like, for example, pancakes or pizza. it's important to not always buy new food. of course, it saves energy and also, the packing materials like plastic. we stopped using plastic straws. we have bamboo stores now. — — straws now. we recycle everything. we're pretty strict. it's not bubbling hard enough yet. is there enough flour in this? because i think it's... the girls are concerned about climate change but they're hopeful they can have an impact. i'm not mad, i'm just worried about and kinda frustrated about the stage of this planet. if we, like, work together and, like, believe that it's really happening, yeah, i think we can stop it. if we just get these big leaders to believe in it, i think everything's pretty much possible.
i think it's important to eat food that's, like, grown locally and not, like, shipped from other countries, like avocados or bananas. even in the winter, i go to school by bike. it takes time to get there more than in the autumn or spring because, you know, there's a lot of snow, but i can deal with it. over the last few years, ii has become a green champion. it's only happened because of the collective effort of the community. and tackling climate change brings people together. we are ready! yes! there we go! yes. it's so good to see you!
every week, we are just gathering together and jumping in the frozen river. it's something that we do together. this is my team, who works for the climate change mitigation. we do it every thursday, go together, jump in the freezing river, and then we feel so good. we feel like a newborn baby when we've done that, yeah. it feels so good because it makes you feel alive. nothing else makes you feel this good! you are a part of nature. you are. . .you have all the power in the world. and you do it together — that's the thing. for us finns, it is very important
to be in the nature. we do find our peace, our soul, in the forest. the most beautiful thing, though, is the collaboration with the schools. so the children learn that it is possible to make actions for the better of environment and climate, and it is also profitable at the same time. we have been able to cut co2 emissions so much, and i do hope that everybody in the world would find the same will and want to do it, because it is possible.
hello there. well, it doesn't look like there is going to be any snowfall for christmas day, but because it'll be quite cold, there could be a little bit of festive frost to start the day. the reason for the cold weather with the sunshine as well as this ridge of high pressure for christmas day, which will be short—lived because it will be replaced during boxing day with this area of low pressure to bring us a spell of wet and windy weather. the cold air from christmas day will be pushed northwards and it'll be replaced as the wind and rain moves in with this milder air and, indeed, it'll be sticking around, even as we head on into the end of the week and also for the weekend. but for christmas day morning, it's going to be chilly. temperatures up and down the country
just around 1 or 2 degrees. many rural areas will be around freezing, so a touch of frost likely, but with generally clear skies overhead. we should see quite a bit of sunshine through the day. a little bit of patchy cloud perhaps for north—west england, perhaps into northern and western scotland. a few showers as well brushing the north coast of scotland. later in the day, we'll start to see the breeze picking up across the south and the west, along with some hazy sunshine as the high cloud starts to roll in. but most places will see the sunshine. it's going to be a chilly day, single—figure values for most. certainly a chillier feel to things across the south. and then towards the later part of the day, it's possible we could start to see some dense fog patches developing across northern, central and eastern england for a while. bear that in mind if you are heading out on the roads. it should be short—lived, though, because the breeze begins to pick up through the night, it will tend to lift. it'll be turning wet and windier across the south—west as that weather system arrives, turning milder as well by the end of the night. but still quite a chilly one across the north and the east. so, low pressure then sweeping across the country for boxing day,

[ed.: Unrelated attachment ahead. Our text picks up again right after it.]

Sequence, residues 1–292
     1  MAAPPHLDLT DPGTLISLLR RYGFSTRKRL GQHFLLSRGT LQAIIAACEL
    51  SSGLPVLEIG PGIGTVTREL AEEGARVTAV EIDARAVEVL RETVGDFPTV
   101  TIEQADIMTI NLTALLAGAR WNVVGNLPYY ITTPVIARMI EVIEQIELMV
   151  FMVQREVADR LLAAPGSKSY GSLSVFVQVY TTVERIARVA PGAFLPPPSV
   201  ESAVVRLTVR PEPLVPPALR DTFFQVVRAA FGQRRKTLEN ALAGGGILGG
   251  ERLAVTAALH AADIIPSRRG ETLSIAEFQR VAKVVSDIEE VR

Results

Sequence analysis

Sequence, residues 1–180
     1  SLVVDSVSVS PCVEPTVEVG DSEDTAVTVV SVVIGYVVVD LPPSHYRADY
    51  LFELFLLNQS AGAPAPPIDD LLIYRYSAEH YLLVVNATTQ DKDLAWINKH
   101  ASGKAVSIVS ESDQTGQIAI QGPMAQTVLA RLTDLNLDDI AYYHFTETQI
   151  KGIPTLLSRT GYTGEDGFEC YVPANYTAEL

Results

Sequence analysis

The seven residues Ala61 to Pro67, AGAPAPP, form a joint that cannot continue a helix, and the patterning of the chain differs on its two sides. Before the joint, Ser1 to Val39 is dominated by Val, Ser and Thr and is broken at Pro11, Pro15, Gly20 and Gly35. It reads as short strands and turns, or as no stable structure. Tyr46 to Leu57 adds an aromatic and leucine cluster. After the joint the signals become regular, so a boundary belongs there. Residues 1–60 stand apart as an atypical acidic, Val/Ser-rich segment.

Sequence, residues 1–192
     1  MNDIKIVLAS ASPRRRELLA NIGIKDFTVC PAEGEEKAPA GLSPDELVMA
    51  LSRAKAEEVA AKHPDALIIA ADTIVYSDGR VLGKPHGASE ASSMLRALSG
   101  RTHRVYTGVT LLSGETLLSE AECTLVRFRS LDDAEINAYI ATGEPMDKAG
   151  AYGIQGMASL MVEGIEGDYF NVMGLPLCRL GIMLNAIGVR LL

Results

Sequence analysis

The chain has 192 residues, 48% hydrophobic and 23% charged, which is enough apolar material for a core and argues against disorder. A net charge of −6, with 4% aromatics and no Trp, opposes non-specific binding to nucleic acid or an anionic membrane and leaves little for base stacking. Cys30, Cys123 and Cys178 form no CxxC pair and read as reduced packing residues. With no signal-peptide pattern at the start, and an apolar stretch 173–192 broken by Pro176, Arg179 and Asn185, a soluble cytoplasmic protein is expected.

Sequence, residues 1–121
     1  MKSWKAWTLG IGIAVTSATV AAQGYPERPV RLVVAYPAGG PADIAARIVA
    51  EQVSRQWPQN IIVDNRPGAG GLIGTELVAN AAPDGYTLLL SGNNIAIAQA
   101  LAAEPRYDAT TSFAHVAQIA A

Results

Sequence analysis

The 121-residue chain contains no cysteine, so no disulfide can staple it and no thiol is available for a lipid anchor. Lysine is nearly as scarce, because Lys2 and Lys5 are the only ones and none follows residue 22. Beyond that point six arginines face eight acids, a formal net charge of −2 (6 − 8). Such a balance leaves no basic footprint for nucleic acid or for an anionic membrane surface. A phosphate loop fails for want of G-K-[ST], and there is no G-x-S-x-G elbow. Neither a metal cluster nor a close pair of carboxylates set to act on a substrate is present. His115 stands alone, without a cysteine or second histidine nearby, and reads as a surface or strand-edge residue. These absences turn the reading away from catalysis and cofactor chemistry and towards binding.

bringing strong winds and heavy rain. that rain will be already across northern ireland, wales, the south—west of england early on. perhaps a dry start, perhaps a little bit of brightness in the north and the east before the wind and the rain sweeps in there. could see a little bit of transient snow over the higher ground of northern england, certainly across the scottish mountains as that rain bumps into the cold air, but it'll be turning milder across the south and the west with temperatures reaching double fingers here. still single values in the north. and it turns even milder as we end the week and head on into the weekend with temperatures well above the seasonal average. that's all from me. have yourself a very lovely christmas.
welcome to bbc news. i'm mike embley. our top stories: pope francis celebrates midnight mass at the vatican, calling on the faithful not to abandon god's love at christmas because of the church's failings. russian and turkish officials say they're trying to stop —— christmas reminds us that god continues to love us. god does not love you because you think and act the right way, he loves you plain and simple. his love is unconditional. russian and turkish officials say they're trying to stop the escalation of fighting in the syrian province of idlib, but the number of dead keeps on rising. critics say president trump's tough immigration policy is putting asylum seekers at risk. we have a special report from the us—mexico border. police in hong kong clash with pro—democracy protesters, during demonstrations in shopping centres